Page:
Also, join in the Candidate Forum on ENTConnect! It’s an opportunity to ask the candidates how they would further the strategic goals and mission of the organization, or anything else that’s on your mind. Visit the annual election webpage for details on how you can submit your questions,



More from April 2016 - Vol. 35, No. 03

Correctly coding CPT 69209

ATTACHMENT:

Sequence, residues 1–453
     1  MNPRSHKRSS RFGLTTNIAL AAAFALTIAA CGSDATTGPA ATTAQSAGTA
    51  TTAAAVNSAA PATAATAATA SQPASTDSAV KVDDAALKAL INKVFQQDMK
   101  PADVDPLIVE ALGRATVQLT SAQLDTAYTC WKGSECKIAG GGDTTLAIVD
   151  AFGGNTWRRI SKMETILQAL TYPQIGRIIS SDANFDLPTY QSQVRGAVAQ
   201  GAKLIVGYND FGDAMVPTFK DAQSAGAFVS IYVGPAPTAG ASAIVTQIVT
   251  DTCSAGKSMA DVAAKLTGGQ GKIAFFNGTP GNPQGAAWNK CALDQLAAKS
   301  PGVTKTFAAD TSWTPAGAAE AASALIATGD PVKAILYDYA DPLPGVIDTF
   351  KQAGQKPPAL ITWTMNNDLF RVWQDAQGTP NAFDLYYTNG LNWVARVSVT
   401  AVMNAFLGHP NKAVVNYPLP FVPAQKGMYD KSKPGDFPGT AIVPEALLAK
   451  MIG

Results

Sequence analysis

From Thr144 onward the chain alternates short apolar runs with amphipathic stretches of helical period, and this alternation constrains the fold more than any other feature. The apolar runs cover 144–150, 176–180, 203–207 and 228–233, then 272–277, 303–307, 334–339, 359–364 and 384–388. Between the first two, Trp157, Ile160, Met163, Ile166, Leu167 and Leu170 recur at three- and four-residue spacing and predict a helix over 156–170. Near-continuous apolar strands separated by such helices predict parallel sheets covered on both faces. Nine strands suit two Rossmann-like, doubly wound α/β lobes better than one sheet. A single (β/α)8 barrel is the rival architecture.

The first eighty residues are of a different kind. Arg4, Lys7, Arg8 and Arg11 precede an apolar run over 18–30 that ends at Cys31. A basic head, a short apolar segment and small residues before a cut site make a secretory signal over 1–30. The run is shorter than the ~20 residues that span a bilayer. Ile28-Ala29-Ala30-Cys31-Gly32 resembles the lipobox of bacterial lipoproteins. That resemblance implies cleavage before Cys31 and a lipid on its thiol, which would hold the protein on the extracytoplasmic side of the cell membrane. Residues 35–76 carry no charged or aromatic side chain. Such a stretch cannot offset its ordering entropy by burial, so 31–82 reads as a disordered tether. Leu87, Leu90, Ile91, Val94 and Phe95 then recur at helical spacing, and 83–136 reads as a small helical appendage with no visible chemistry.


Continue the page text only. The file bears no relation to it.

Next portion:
For 2016, Current Procedural Terminology (CPT®) code 69209 Removal impacted cerumen using irrigation/lavage, unilateral was created. In order to help otolaryngologist-head and neck surgeons correctly code, the Academy helped the American Medical Association (AMA) draft a CPT Assistant article on the removal of impacted cerumen. In addition to the CPT Assistant article, the Academy’s CPT team has updated the CPT for ENT: Cerumen Removal to further clarify billing 69209 and 69210 Removal impacted cerumen requiring instrumentation, unilateral. The CPT for ENT article can be found at The following are excerpts from the AMA CPT Assistant article “Removal of Impacted Cerumen,” which can be found on page 7 of the January 2016 CPT Assistant, and are reprinted with permission from the AMA: In the CPT 2016 code set, code 69209 was added to the Auditory System subsection to report the removal of impacted cerumen (earwax) using irrigation or lavage. Impacted cerumen was defined in CPT Assistant October 2013, page 14, as having any of the following: Visual considerations: Cerumen impairs exam of clinically significant portions of the external auditory canal, tympanic membrane, or middle ear condition. Qualitative considerations: Extremely hard, dry, irritative cerumen causing symptoms such as pain, itching, hearing loss, etc. Inflammatory considerations: Associated with foul odor, infection, or dermatitis. Quantitative considerations: Obstructive, copious cerumen that cannot be removed without magnification and multiple instrumentations requiring physician skills. 69209 is reported when irrigation and/or lavage is used to remove impacted cerumen. This method uses a continuous flow of liquid (e.g., saline, water) to loosen impacted cerumen and flush it out with or without the use of a cerumen softening agent. Although direct physician work is not required, the removal of cerumen by irrigation or lavage usually takes longer to perform and may require additional staff time and equipment. Only one code (69209 or 69210) may be reported for the primary service provided on the same day on the same ear. Modifier 50, Bilateral Procedure, should be appended if either one of the cerumen removal procedures is performed on both ears. Codes 69209 and 69210 should not be reported together when both services are provided on the same day on the same ear. The appropriate evaluation and management (E/M) code based upon category and site of service (e.g., office or other outpatient, hospital care, nursing facility services) should be reported when non-impacted cerumen is removed. An E/M code may be reported if there is a separate and distinct service performed at the same session. The full article is available to Academy Members at (login required).